Why does he hate the rodent with such virulence? Is it because this whole Reverend Billy business has its roots in the Disneyfication of Times Square, where Billy first set up his pulpit in the late ’90s? “A therapist once told me Mickey Mouse is really my father, and my dad does have a big grin and prominent ears,” he says. “Actually, I like my dad, but we’re very different. He’s a Dutch Calvinist from the Midwest.” Like many parents with truly wacky children, the reverend’s dad appears to have come around: “When my picture was in The New Yorker, he sent a copy to me, laminated.”
In the end, we have no luck at Love Saves the Day. We head east, past the Chase bank where the Second Avenue Deli used to be. “I blame myself for this!” he says. “We should have been all over it, protesting, but it went up so fast. We have to enact anti-chain-store legislation.”
But not everything is so bleak. In fact, suddenly Billy’s message seems to be captivating all kinds of people, a turn of events that has left him frankly astonished. “I started out talking to entrenched ironists about forgiveness and gratitude.” But then his words—campy and over-the-top as they may be—began reaching a different audience. In one burst of interviews, he recalls, a questioner from a right-wing apocalyptic magazine was followed by a writer from Hustler and then a reporter from CNN. He shrugs. “If committed evangelical Christians are buying less,” he says, “then that’s a good thing.”
Well, I’m certainly not buying less, I think to myself. Since Billy is getting colder by the minute (plus, though he doesn’t say so, I sense he is dying to buy something), we go over to 10th between First and A, where a brand-new consignment shop called Matiell opened 11 days ago.
“This is the spot!” Billy says as soon as we enter. Two seconds later, he is on his knees, not praying but rifling thoughtfully through a low rack of sweaters. When he finds a knitted polo with a Barneys label, he pops it on and loves what he sees. “Wow, jeesh, wow! This is from one of those yuppies I’m always badmouthing from the pulpit. Wow, only $20!” He fingers another pullover and I notice him sneaking a glimpse at its Boss label. “I can’t stop—I can’t stop shopping!” he wails at the top of his lungs. “I’m glad Spurlock, who produced my movie, isn’t in this store! I can confess to you, Lynn, but I don’t want it on the silver screen!”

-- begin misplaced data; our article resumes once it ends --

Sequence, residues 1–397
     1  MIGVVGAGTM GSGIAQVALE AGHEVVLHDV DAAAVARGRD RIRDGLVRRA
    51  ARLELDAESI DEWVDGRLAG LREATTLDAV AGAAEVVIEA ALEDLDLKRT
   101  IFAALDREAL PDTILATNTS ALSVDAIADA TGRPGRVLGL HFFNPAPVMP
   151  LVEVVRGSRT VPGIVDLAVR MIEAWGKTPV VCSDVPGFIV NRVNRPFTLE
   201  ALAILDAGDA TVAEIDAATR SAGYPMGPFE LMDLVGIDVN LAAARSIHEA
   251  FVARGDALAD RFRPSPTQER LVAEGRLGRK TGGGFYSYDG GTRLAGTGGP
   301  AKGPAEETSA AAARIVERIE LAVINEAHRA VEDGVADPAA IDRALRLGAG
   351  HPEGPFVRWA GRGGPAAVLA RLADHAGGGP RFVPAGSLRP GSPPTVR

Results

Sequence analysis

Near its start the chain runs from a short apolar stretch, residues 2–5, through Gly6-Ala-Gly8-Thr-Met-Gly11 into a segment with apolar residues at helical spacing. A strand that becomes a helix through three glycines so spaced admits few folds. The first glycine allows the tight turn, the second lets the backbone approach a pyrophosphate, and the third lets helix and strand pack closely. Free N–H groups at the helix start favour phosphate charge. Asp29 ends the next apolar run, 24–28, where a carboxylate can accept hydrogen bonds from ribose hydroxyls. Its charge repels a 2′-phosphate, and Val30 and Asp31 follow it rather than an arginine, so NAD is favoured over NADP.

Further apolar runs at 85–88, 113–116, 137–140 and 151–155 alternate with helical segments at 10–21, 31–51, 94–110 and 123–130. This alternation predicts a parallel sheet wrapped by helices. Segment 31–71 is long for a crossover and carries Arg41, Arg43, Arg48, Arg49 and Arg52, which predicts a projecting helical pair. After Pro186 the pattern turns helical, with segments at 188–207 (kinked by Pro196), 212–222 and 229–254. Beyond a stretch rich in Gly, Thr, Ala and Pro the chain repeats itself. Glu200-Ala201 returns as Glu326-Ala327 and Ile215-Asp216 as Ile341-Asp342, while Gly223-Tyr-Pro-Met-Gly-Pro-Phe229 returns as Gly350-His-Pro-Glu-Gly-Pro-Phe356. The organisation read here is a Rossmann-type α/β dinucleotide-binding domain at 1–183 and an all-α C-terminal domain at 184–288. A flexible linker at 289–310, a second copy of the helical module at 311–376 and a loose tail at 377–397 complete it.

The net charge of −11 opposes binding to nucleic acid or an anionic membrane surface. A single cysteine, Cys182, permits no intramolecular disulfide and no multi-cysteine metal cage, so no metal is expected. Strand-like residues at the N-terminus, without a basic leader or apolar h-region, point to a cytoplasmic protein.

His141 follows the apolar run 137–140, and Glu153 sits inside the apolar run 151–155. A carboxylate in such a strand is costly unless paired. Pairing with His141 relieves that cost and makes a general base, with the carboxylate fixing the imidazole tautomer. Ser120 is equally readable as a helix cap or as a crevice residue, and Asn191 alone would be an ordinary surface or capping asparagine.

He takes another gander at the mirror and proclaims, “Woo-hoo—it’s Billy time on the avenue! What we are seeing here is depraved sin.” Alas, the Boss garment is three times as much as the Barneys sweater. Billy wants both but buys only the cheaper one, planning to discuss the situation with his wife, who is the director of the Church of Stop Shopping. “I’m gonna talk to Savitri about this one. It’s such a beauty,” he says. “It’s so handsome.”
We’re about to leave when Billy notices a pair of thick, soft trousers. “Wow, lemme try these on!” He drops his pants—he’s not a shy guy—and says, “I think I’ve got permission to get a good warm pair of pants.”
Yeah, but do they have to be Versace? I say, eyeing the label.
“They’re a perfect fit! Oh my God, I have to buy these,” he says. “I just don’t care about my reputation. You think they’re warm? Oh, man, feel that—it’s brilliant—I gotta have them. I’m wearing them! Oh, it’s terrible! Eighty bucks! Wait, I can’t get them over my boots.” He tucks them in, then checks the mirror like the most hardened fashionista and sighs, “OK, I’m vain. It’s a different look, but it’s good.”
When the owner asks him if he’d like a shopping bag for his purchases, Billy is horrified—it probably wouldn’t do for the head of the Church of Stop Shopping to be seen in the East Village with bags of new clothes. As we head out into the chilly twilight, I ask Billy, now snug in his Versace pants, his Barneys sweater secretly sequestered in his backpack, if he is having the best time ever. I mean the whole season, what with the book and the movie and all, but he misunderstands. “Oh, yes!” he crows. “The fun of shopping!”